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Three of our local towns will hold annual town elections next Monday. Pepperell has no contests but Ayer and Townsend do.

In Ayer, our choices are Gary Luca and Carolyn McCreary for selectman.

In the case of candidate Mark Coulter, we did sense a sincere desire to get involved with community governance but we would have preferred more experience in elected/appointed capacity.

In Faye Morrison, we saw experience but not the type that will benefit the town. While Mrs. Morrison is meticulous in observing certain forms of etiquette (such as the use of “Mr.” and “Mrs.” in addressing people), she’s had some serious lapses on important matters.

A brief sampling: She seconded a motion for an illegal secret ballot vote at a public meeting last year, tried to force an employee complaint against a fellow selectman into executive session by withholding all information, and her handling of the Ayer train station issue reveals a stance that favors a friend who is seeking office by riding that very issue.

The question of favoritism is one worth expanding on. It’s clear Morrison treats those on her “team” differently than those who are not. Anyone who doubts that can watch a board meeting and note how certain people can speak out at will while those less favored are rigorously expected to channel all comments through Chairman Morrison, that is if she recognizes them at all.

That double standard also feeds into the meeting agenda, specifically what makes it and what does not. We are still waiting for the selectmen to address a letter from the Department of Environmental Protection about boards that were “stolen” by “vandals” from a town dam. Though the removal of the boards created a potential public safety hazard, it was not pursued by the chairman. A “team” member was allowed to speak, those non-team members with questions were not.

Carolyn McCreary has not served as an elected official in Ayer, but has been involved with a number of civic organizations including the Comprehensive Plan Implementation Committee and the town Capital Planning Committee. These activities signify a commitment to working for the community and a body of shared experience in town governance that can benefit a member sitting on the board.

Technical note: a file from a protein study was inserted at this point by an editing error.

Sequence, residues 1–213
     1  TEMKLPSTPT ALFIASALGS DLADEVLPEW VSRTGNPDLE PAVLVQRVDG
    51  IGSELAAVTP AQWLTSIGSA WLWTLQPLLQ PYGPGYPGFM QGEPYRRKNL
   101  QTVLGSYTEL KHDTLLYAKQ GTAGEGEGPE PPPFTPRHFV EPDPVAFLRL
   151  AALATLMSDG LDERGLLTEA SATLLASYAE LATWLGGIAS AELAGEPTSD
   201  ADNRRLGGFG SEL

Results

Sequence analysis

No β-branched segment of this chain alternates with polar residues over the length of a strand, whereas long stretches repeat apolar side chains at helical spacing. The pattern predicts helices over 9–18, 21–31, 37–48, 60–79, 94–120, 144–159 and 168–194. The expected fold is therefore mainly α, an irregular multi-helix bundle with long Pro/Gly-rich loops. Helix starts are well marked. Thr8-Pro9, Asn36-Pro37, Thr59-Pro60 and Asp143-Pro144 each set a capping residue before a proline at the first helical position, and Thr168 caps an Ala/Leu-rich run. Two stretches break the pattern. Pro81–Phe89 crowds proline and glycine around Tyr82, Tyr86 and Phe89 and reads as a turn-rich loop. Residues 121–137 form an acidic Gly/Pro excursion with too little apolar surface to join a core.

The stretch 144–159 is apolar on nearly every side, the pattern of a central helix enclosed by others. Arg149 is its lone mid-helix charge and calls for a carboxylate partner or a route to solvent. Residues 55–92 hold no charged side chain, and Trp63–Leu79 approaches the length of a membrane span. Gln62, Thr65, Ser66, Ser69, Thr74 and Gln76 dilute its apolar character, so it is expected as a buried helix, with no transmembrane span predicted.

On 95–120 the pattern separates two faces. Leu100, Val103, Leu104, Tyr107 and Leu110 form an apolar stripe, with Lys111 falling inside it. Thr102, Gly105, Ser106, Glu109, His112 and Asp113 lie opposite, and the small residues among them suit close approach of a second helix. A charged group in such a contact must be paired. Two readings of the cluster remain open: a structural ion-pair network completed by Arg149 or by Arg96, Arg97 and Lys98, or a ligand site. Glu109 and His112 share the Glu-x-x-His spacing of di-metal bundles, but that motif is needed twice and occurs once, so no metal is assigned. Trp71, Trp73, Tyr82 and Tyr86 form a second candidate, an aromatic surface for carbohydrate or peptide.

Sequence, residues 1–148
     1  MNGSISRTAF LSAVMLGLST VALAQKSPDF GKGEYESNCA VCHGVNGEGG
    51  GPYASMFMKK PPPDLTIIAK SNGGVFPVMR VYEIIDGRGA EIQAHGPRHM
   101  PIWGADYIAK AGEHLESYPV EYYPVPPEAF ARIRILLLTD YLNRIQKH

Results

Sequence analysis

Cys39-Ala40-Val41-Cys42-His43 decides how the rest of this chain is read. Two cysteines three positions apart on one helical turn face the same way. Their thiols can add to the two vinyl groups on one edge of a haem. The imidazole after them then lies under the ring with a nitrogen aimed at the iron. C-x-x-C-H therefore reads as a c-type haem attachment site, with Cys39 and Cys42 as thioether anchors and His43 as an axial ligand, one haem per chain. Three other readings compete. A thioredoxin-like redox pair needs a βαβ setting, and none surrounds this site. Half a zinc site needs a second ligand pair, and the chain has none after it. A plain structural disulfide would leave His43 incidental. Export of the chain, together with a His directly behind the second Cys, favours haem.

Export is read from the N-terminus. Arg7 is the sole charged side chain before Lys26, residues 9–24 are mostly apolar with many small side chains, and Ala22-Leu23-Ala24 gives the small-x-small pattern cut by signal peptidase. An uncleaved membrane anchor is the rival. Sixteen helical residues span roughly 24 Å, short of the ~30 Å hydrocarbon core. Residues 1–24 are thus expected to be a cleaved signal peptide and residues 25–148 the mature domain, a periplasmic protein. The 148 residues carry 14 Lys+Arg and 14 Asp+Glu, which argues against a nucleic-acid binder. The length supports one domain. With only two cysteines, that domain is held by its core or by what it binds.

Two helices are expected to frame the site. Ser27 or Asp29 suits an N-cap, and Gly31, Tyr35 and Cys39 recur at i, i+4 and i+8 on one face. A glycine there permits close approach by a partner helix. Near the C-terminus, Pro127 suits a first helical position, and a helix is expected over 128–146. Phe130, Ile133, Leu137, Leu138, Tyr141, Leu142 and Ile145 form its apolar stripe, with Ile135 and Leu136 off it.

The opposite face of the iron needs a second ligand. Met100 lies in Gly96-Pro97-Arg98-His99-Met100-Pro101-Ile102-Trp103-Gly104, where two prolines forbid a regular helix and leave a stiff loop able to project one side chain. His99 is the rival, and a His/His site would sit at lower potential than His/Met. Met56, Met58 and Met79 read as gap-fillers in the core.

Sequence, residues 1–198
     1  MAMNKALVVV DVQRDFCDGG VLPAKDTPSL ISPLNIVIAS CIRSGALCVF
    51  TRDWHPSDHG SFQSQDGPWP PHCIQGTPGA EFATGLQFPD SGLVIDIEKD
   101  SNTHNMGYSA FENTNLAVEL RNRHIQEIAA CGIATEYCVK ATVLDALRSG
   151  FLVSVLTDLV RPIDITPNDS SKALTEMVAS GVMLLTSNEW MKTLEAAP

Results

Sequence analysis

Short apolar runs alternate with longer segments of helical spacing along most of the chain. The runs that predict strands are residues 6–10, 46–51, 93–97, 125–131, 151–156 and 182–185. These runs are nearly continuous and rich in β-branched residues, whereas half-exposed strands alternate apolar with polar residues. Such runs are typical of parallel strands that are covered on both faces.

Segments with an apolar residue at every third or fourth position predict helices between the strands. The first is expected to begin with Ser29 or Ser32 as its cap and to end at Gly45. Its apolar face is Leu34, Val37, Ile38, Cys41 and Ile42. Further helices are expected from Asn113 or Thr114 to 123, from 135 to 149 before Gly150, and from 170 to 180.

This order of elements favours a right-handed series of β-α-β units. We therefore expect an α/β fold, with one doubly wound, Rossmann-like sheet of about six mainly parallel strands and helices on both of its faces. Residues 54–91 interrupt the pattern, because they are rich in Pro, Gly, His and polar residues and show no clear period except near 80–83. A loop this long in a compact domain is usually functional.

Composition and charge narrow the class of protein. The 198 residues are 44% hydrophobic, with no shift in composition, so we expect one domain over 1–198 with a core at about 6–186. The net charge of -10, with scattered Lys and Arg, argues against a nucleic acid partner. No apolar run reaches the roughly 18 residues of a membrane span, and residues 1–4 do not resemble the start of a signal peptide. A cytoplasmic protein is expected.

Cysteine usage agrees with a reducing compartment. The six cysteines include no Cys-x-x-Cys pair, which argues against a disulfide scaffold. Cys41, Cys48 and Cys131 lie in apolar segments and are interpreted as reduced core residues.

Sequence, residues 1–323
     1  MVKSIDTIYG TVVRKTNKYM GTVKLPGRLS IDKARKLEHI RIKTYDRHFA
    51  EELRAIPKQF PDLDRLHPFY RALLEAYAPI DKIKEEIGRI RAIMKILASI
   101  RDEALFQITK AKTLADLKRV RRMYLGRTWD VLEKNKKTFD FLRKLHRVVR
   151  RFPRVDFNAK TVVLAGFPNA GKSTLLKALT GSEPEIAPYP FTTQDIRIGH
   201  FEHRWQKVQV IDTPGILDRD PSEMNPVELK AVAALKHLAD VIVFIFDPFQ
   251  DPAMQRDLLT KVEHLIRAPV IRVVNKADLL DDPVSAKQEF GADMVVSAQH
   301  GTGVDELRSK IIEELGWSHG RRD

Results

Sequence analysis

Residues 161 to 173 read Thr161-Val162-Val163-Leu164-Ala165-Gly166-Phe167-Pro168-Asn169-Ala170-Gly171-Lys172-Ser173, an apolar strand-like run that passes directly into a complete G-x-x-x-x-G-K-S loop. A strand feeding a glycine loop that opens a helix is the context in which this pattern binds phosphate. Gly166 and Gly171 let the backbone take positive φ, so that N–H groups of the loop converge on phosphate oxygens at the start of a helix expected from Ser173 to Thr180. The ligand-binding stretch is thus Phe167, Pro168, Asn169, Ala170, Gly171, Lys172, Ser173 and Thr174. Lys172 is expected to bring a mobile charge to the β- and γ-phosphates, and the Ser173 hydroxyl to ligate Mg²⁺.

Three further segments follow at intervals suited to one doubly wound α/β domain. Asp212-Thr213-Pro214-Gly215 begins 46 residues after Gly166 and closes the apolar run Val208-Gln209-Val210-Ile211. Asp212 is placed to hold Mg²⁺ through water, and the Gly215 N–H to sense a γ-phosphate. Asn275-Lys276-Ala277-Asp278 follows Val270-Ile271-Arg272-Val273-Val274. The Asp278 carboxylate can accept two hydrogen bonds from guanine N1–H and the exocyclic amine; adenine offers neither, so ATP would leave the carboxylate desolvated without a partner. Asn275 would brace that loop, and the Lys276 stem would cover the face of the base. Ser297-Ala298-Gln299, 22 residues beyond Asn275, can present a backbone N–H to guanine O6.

Though the Board of Selectmen is seemingly unique among town boards regarding both the diversity of issues tackled and the intensity with which they are debated, McCreary appears to have a fair and rational approach, which are attributes the board could use more of.

In the case of Gary Luca, his r sum for public service is more slight, but we give the nod in appreciation of the interest he’s shown in the position as well as his potential.

Luca has served as a town official and has been attending a variety of public meetings, including regular attendance at selectmen’s meetings. In all cases, and long before he announced his candidacy, he’s come across as approachable — someone you could bring your concerns to. That’s an important quality for a small-town selectman to have.

Perhaps just as important, Luca appears to have no alliances with other board members, which could help break up the 3-2 lockstep voting pattern in the upcoming year and open matters up for serious discussion. Coupled with the management experience in his professional life, we feel he’d be a good bet as a selectman.

In Townsend, two-term incumbent Selectman Dan Murphy is being challenged by Maureen Denig. Both bring experience of varying kinds to the office, but the choice for us is clear.

Townsend’s town government has experienced some rough times in the last decade. These bad years would have gone on if Murphy had continued to be outvoted at every turn by two other members. Not until Bob Plamondon joined the board last year did things start to turn around. Some tough but necessary decisions have been made.

While many candidates will claim to be fiscal conservatives, Murphy, an accountant by trade, truly is one. He spends the town’s funds as though they were his own. Also the town’s elected town clerk, Murphy is present in Memorial Hall on a daily basis and is available when needed. He brings stability to the office.

Challenger Maureen Denig has served the town well in many capacities, but the stakes are far higher here. A selectman has significant power and the alliances of potential members should be well understood before the ballot box is checked.

A ride through Townsend’s neighborhoods brings a rather frightening specter. While there is no question that Denig has supporters, some of the lawns that sport signs for Denig belong to personalities whose service to Townsend has proven costly and destructive.

These anti-Murphy votes are also anti-Townsend.

The vast majority of townspeople pretty much ignore what goes on in a Town Hall. Though the demands of everyday life are understood and shared by all, to ignore the seat of your town’s government is done at your peril.

Townsend taxpayers have spent huge sums of money in payment for the bad behaviors of some town officials. A group of those same people are working hard in their lust to rid Memorial Hall of the straight-laced and unshakable Murphy. Don’t let them do it.

Dan Murphy for selectman.